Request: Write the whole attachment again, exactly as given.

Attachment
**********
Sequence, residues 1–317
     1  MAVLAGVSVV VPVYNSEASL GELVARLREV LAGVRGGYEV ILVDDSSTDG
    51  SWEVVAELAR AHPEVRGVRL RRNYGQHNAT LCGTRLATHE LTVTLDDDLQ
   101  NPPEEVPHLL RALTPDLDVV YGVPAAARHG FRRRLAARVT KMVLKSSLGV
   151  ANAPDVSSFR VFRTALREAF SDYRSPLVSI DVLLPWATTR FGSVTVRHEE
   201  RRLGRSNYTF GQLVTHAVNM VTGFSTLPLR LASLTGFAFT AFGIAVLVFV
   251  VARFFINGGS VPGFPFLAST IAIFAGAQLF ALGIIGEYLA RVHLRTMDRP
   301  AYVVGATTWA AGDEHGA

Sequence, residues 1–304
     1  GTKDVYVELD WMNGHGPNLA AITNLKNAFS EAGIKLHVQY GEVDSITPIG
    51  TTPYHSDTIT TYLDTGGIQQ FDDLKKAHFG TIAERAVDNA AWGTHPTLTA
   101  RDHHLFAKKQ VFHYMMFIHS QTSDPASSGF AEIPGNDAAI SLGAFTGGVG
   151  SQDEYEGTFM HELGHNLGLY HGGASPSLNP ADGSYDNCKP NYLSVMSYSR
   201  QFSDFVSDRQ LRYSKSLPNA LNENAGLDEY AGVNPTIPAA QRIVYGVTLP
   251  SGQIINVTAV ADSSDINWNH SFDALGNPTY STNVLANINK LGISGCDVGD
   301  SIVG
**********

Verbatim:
Sequence, residues 1–317
     1  MAVLAGVSVV VPVYNSEASL GELVARLREV LAGVRGGYEV ILVDDSSTDG
    51  SWEVVAELAR AHPEVRGVRL RRNYGQHNAT LCGTRLATHE LTVTLDDDLQ
   101  NPPEEVPHLL RALTPDLDVV YGVPAAARHG FRRRLAARVT KMVLKSSLGV
   151  ANAPDVSSFR VFRTALREAF SDYRSPLVSI DVLLPWATTR FGSVTVRHEE
   201  RRLGRSNYTF GQLVTHAVNM VTGFSTLPLR LASLTGFAFT AFGIAVLVFV
   251  VARFFINGGS VPGFPFLAST IAIFAGAQLF ALGIIGEYLA RVHLRTMDRP
   301  AYVVGATTWA AGDEHGA

Sequence, residues 1–304
     1  GTKDVYVELD WMNGHGPNLA AITNLKNAFS EAGIKLHVQY GEVDSITPIG
    51  TTPYHSDTIT TYLDTGGIQQ FDDLKKAHFG TIAERAVDNA AWGTHPTLTA
   101  RDHHLFAKKQ VFHYMMFIHS QTSDPASSGF AEIPGNDAAI SLGAFTGGVG
   151  SQDEYEGTFM HELGHNLGLY HGGASPSLNP ADGSYDNCKP NYLSVMSYSR
   201  QFSDFVSDRQ LRYSKSLPNA LNENAGLDEY AGVNPTIPAA QRIVYGVTLP
   251  SGQIINVTAV ADSSDINWNH SFDALGNPTY STNVLANINK LGISGCDVGD
   301  SIVG